• 68. Natural Thinking Report for the RSPB Dr William BirdThere is a strong link between educational difficulties and psychiatric problems. 15% ofchildren without a psychiatric disorder have special educational needs. This increases tohalf of those with conduct disorders (disruptive behaviour) and over 70% of those withhyperkinetic disorders (hyperactivity). The worrying consequence of childhoodpsychiatric illness is not just the general unhappiness this causes the child and familybut also the long-term consequences. By age 28, the costs to society (e.g. crime, pooremployment record, poor health, being on benefits, needing social services) forindividuals with troubled behaviour as children are ten times higher than for those withno problems.Children with ADHD and other behavioural problems are more likely to: Have poor educational achievement and drop out of school, Have poor early work history and be more likely to be unemployed, Leave homes and families at younger ages, Enter sexual relationships earlier with more breakdowns in relationships, Become pregnant, or father a child, earlier than their peers, Become involved in crime, Suffer poorer general health in their early adult years.There is a strong risk associated with social class. Children in social class 5 families are3 times more likely to have mental ill health. The highest risk is among those beinglooked after by local authorities, who are 5 times more likely than average to have amental health disorder (42% vs. 8%). Young offenders have an 80% risk of mentalhealth problems, and have 50 times the risk of psychosis (10%), compared to 0.2% inthe overall population. 60% of homeless children have mental health problems,compared to 25% in a comparable (non-homeless group), and about 30% hadattempted suicide, compared to 9% in the comparable group.A survey of deliberate self-harm in adolescents in 2002104, in which 6,020 young peopleaged 15 to 16 completed an anonymous questionnaire, showed that 6.9% had104 Hawton K, Rodham K, Evans E and Weatherall R (2002) ‘Deliberate self-harm in adolescents:self report survey in schools in England’, BMJ, vol 325, 1207-1211. 68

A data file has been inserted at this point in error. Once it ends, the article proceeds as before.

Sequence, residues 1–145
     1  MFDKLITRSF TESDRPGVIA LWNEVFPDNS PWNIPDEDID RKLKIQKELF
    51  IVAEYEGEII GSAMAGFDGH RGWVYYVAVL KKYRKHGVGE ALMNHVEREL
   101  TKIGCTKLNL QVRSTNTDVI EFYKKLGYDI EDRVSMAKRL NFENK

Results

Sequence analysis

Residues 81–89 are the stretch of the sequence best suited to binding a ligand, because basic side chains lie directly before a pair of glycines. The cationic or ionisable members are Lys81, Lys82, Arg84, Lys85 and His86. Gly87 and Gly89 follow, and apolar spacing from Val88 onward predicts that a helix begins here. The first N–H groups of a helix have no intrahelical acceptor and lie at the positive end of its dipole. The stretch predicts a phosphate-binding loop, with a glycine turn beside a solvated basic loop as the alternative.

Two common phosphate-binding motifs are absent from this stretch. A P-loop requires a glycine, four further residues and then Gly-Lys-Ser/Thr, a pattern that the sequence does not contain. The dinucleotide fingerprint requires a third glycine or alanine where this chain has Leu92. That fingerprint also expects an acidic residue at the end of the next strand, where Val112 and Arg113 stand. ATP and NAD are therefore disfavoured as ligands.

• 69. Natural Thinking Report for the RSPB Dr William Birdcommitted an act of self-harm in the previous year, and 12.6% of these episodesresulted in a visit to hospital. Self-harm was more common in girls than boys (11.2%compared to 3.2%). Factors associated with self-harm among girls include recent self-harm by friends and family members, drug misuse, depression, anxiety, impulsivity andlow self-esteem. In boys it was associated with suicidal behaviour in friends and familymembers, drug use and low self-esteem. 69
  • 70. Natural Thinking Report for the RSPB Dr William BirdFigure 11. Prevalence of Psychiatric Disorders among boys aged 5 to 15 years 1999 (Great Britain) Source: Mental Health of Children and adolescents in Great Britain, 1999 ONS Survey 14 12 10 Percentage 8 Age 5-10 Age 11-15 6 4 2 0 Anxiety Disorders Depression Conduct Disorders Hyperkinetic Less Common Any Disorder Disorders Disorders ConditionFigure 12. Prevalence of Psychiatric Disorder among girls aged 5-15 years 1999. (Great Britain) Source Mental Health of Children and adolescents in Great Britain 1999 ONS Survey 12 10 8 Percentage % Age 5-10 6 Age 11-15 4 2 0 Anxiety Disorders Depression Conduct Hyperkinetic Less Common Any Disorder Disorders Disorders Disorders 70